Scattered along the hill are independent stores, filled with unconventional and second-hand gifts. We had an incredible hour looking around The Elm Hill Crafts Shop, The Bear Shop, the Doormouse Bookshop and Elm Hill Antiques. After formally adopting a few bears from the Hill’s famous store, we headed to one of Elm Hill’s most famous residents: Britons Arms. Run by sisters Sue Skipper and Gilly Mixer, this coffee house and restaurant sits within one of the street’s most photogenic buildings. Built in 1327, the Arms is one of the only remaining timber framed buildings in the city, and regularly stars in film and photographic shoots.
Inside, we settled beneath a sloping window, tea and cake offered to us in front of the fire. On that busy Tuesday morning, Christmas shoppers already filling Norwich’s streets, I felt miles – centuries – away from it all; cocooned safely within my very own piece of Medieval Norwich.
Just when I thought it may not get any worse for my home town, we headed to a quarter of the city that prides itself on its fiercely independent and creative flair: The Lanes. A series of alleyways, courtyards and open spaces close to the City Hall, the lanes boast over 300 independent retailers, pubs, restaurants and cafes, all within yet another medieval setting. A bit of a maze, it’s easier to let loose on these streets at random; stumbling across gems such as Alchemista Coffee Potions, Biddy’s Kitchen and St Gregory’s Antique & Collectables, as you go.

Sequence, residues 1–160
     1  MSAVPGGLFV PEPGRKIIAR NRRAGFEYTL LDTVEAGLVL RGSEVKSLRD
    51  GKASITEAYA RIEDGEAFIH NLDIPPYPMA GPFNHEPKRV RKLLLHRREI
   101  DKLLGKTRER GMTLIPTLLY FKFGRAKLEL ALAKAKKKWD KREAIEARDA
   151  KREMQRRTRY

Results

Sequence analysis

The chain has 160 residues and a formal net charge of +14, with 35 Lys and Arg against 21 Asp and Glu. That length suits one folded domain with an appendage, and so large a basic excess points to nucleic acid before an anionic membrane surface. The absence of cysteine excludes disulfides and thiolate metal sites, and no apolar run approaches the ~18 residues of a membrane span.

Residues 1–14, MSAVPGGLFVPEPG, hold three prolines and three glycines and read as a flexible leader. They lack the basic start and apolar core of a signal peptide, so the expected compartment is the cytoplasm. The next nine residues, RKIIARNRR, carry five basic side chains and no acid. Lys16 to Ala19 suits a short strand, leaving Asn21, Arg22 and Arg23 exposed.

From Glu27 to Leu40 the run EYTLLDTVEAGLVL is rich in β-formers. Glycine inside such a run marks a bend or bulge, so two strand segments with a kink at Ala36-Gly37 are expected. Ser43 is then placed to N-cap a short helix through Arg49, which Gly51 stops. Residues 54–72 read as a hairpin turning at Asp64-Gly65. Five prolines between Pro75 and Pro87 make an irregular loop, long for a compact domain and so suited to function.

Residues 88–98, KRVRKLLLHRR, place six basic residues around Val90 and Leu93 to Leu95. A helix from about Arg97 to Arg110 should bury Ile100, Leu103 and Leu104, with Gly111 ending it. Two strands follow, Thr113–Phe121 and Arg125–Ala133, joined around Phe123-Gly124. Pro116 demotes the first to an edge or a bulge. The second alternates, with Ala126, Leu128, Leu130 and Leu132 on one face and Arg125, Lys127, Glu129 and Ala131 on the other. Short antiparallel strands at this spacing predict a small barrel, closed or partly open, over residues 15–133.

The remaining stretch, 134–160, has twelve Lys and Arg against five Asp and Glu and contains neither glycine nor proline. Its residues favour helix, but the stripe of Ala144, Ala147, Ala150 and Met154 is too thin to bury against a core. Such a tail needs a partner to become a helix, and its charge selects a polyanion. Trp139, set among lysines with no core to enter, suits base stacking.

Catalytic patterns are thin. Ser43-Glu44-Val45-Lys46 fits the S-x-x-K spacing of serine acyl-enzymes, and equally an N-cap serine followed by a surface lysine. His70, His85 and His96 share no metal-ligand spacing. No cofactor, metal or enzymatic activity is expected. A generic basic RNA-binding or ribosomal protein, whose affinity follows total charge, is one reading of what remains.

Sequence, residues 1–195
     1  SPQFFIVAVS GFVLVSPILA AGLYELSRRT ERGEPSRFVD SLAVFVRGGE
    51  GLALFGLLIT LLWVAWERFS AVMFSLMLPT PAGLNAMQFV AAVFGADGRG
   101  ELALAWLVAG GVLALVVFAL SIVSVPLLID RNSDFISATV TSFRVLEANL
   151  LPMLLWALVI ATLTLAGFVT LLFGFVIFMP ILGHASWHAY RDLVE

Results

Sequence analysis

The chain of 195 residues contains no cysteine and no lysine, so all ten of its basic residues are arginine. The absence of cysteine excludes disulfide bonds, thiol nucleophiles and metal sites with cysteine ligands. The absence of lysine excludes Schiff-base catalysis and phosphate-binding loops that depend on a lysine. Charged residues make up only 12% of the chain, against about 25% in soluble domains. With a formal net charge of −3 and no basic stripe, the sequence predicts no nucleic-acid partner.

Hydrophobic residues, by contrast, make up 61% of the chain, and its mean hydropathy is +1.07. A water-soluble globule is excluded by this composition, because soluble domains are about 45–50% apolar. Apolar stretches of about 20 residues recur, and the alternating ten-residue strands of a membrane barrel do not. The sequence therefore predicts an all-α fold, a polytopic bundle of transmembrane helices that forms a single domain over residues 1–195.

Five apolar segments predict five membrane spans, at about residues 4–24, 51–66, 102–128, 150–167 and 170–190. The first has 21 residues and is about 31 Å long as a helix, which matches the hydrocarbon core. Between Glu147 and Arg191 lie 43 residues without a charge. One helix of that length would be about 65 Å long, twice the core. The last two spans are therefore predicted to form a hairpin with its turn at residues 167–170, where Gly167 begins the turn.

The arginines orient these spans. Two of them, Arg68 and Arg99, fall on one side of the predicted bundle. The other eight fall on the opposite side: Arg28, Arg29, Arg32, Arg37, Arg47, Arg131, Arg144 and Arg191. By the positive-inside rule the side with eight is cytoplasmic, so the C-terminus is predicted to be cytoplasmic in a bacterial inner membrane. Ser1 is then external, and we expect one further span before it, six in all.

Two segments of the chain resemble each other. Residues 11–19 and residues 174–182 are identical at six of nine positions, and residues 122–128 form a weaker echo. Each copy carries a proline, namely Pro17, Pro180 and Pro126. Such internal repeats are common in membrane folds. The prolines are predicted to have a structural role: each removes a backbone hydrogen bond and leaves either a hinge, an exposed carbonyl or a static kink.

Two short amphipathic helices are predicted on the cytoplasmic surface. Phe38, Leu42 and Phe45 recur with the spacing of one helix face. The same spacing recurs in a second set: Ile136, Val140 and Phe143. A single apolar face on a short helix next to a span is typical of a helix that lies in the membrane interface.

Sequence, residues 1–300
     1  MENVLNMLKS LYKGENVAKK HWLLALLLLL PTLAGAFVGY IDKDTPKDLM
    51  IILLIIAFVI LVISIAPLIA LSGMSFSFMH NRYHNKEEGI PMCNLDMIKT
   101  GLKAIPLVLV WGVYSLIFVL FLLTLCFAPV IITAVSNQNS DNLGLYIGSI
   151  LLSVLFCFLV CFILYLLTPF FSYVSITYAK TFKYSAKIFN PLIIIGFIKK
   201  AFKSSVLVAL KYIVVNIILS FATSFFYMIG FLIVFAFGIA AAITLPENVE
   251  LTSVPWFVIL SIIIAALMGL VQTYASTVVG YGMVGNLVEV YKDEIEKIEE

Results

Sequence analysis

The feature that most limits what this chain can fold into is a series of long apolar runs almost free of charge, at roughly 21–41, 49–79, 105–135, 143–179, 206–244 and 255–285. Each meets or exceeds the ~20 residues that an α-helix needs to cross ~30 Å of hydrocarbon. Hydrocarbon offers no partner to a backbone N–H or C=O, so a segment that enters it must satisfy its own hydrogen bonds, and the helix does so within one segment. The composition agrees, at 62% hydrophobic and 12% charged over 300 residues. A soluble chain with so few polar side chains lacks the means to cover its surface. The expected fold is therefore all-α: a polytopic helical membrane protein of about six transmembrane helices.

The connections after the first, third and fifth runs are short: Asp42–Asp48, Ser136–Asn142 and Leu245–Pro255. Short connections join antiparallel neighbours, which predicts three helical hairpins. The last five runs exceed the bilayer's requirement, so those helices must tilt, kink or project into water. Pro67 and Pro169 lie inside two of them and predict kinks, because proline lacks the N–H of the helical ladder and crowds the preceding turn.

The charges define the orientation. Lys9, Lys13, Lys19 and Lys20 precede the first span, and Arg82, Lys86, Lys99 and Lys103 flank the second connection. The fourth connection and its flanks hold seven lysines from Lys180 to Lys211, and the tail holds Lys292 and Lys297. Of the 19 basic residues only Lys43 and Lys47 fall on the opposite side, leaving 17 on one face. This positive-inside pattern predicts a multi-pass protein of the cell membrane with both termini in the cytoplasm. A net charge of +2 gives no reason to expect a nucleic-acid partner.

Whilst meandering around, be sure to also head towards the city’s famous Royal Arcade: declared one of the most beautiful covered shopping streets in England. Designed by Norwich’s answer to Gaudi – George Skipper – the Arcade was opened in all its Art Nouveau glory in 1899, and continues to house some of the city’s most beautiful stores today. My Dad, once a Kings Lynn native, claims that walking this beautiful arcade is one of his first memories.
Quite the claim to fame.
The cold once again biting, we stopped for lunch at Saporita – a small, family- run business in the heart of the city. As we sat, our fingers slowly defrosting in the warm café, I had a chance to take in the décor – its windows featuring blue, wooden shutters and framed advertising from the 1950s filling the walls. Sharing pizza slices and focaccia, I admitted to Claire that (and perhaps traumatised from Catherine’s sudden departure), I’d not expected Norwich to be so engaging, so creative and so – well, likeable. Watching as shoppers hurried down the lanes, a brass band playing on the street corner, I only wished I’d visited sooner.